Sandra Glenney and her choice of Psychologists for Loudoun County CPS

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In a previous post I mentioned that the psychologists that Sandra Glenney chooses tend to testify to what Sandra Glenney wants. In the case of Dr. Mary Lindahl, she and Sandra Glenney are in totally agreement.  I have often wondered if it is simply for financial reasons that psychologists testify on behalf of Sandra Glenney or do they really believe what they are saying.

Sandra Glenney has used and thinks very highly of Dr. Joyanna Silberg.  As mentioned in a previous post, Ms. Glenney proposed Dr. Silberg for a case in Loudoun County. Dr. Silberg is not the quality professional that Ms. Glenney presents to the Court. Dr. Silberg endorsed the book “22 Faces of Eve” written by Judy Byington. I have located an audio interview  of Ms. Byington.  This interview has enlightened me. If the reader listens to the interview, I believe Ms. Byington enters the recording at around the 45 minute mark.  The reader will be horrified.  One this is certain, Ms. Byington should not be seeing patients, she needs therapy herself.

It is more concerning that Dr. Silberg endorsed the book “22 Faces of Eve” by Judy Byington.  Dr. Silberg has a website that describes her beliefs. Her beliefs are very concerning. Sandra Glenney has high praises for Dr. Silberg, which is also concerning. Dr. Silberg also testifies quite often, around the country, in sexual abuse trials. She always testifies that abuse has happened. One only needs to listen to the interview with Ms. Byington to realize that no professional psychologist should be endorsing her book.

If a defendant or their attorney is involved in a case in which Sandra Glenney proposes to use Dr. Silberg as a therapist in the case, it is important to oppose this vehemently.  The following is an excerpt from judicial opinion on New Jersey. It is important to read this, it illustrates that some psychologists are going to find abuse regardless of the facts. Secondly, they will keep interviewing the child until the child tells them what they want to hear. If you read the opinion in its entirety you will see that Dr. Silberg’s testimony is shaky at best.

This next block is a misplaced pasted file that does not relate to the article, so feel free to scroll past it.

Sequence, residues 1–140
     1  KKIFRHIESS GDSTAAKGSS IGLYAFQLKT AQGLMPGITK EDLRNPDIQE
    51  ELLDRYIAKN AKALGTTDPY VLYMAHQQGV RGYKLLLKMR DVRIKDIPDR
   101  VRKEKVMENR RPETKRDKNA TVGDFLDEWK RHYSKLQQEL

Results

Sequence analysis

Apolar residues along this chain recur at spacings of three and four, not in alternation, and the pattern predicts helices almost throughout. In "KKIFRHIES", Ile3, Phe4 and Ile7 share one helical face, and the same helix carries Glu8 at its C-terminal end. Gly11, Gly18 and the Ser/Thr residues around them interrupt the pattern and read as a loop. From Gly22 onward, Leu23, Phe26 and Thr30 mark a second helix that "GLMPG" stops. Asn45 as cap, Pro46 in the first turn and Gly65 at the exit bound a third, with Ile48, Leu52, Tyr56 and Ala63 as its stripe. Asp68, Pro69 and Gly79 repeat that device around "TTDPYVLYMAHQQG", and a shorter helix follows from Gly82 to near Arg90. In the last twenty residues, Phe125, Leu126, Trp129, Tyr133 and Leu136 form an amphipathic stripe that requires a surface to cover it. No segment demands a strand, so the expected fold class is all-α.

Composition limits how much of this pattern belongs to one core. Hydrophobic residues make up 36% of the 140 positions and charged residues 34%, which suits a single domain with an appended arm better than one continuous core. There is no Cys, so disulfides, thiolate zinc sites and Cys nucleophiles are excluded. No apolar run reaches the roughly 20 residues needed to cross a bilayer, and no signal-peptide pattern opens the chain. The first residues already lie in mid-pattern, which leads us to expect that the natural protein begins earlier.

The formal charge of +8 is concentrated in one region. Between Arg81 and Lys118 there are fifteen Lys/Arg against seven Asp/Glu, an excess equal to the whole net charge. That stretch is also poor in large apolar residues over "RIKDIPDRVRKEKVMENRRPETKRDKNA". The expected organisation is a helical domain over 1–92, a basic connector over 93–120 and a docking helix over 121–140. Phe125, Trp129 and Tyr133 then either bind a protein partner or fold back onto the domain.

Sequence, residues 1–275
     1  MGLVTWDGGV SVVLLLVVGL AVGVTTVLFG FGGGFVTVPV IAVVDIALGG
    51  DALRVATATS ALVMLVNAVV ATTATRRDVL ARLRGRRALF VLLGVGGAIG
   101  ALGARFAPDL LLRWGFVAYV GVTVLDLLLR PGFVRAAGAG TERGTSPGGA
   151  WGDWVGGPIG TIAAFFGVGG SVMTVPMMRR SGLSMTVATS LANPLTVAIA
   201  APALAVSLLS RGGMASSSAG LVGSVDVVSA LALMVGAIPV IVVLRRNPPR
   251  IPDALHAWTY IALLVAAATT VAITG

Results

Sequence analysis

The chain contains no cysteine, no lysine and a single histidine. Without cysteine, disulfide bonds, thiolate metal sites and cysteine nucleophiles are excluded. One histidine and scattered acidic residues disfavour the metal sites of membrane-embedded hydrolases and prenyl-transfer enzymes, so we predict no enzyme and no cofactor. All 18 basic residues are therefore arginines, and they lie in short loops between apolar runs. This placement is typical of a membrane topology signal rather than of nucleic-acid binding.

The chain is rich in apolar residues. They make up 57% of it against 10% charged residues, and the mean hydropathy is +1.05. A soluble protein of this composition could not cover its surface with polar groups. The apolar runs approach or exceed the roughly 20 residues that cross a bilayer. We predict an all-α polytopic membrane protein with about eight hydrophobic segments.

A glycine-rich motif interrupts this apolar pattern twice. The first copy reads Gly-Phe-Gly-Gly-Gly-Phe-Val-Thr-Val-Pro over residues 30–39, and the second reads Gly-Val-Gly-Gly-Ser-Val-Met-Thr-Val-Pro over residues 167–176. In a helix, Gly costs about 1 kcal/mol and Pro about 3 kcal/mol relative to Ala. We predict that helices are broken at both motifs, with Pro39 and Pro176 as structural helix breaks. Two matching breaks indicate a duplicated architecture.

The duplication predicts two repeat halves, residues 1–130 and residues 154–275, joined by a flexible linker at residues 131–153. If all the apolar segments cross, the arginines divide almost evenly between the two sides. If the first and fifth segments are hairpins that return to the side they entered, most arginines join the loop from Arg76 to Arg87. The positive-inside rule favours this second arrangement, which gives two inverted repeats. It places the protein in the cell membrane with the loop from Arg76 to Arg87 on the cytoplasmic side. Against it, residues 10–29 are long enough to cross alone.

Sandra Glenney however holds Dr. Silberg in very high regard.

Dr. Silberg testified she went into the interview “completely cold” because she did not want to have any possible biases that could come with knowing the allegations. However, she admitted having spoken with mother’s attorney before conducting the interview, who informed her of the “urgency” in interviewing the children and issuing a report because father was seeking parenting time and her report was being used in support of mother’s opposition to that request. The psychologist also admitted that prior to the interview, mother had spoken to her for about twenty minutes about her sexual problems with father and that mother had told her it was consistent with what he did to the children. Dr. Silberg also reviewed a “symptom checklist” to corroborate sexual abuse. She admitted, however, that mother, not M.M., responded to the checklist, but explained that factor was built into the instrument. Dr. Silberg related that she evaluated whether M.M.’s memory was tainted based on her conversations with M.M. and her mother and the behavioral checklist.

Dr. Silberg did not videotape the evaluation of M.M. but used an audio recorder that shut off multiple times. She claimed she took “accurate verbatim notes” in order to fill in the gaps in the tape recording, but conceded she did not write down everything that was said. She also testified the only information she needed “to make conclusive results and opinions” was the interview with the child.

Dr. Silberg acknowledged when she first interviewed M.M. in July 2006, she was “aware that there was a question about the validity of [M.M.'s] previous reports” and they “may have been suspect.” Nonetheless, she opined that M.M. was not coerced because of the consistency of her answers. In addition to M.M.’s verbal answers, Dr. Silberg testified she assessed M.M.’s body language to determine if it was consistent with what she was saying. According to the psychologist, M.M. “held her crotch” and gagged when reporting the incidents of abuse, which Dr. Silberg claimed demonstrated the reports were the product of real memories. Furthermore, the psychologist opined that M.M.’s facial expressions and demeanor when discussing the abuse indicated her statements were reliable.

Dr. Silberg also said she was told by mother how many times M.M. had been interviewed. She was confident, based on M.M.’s behavior and the time that had elapsed since earlier interviews, that those interviews had not tainted M.M.’s disclosures.

 

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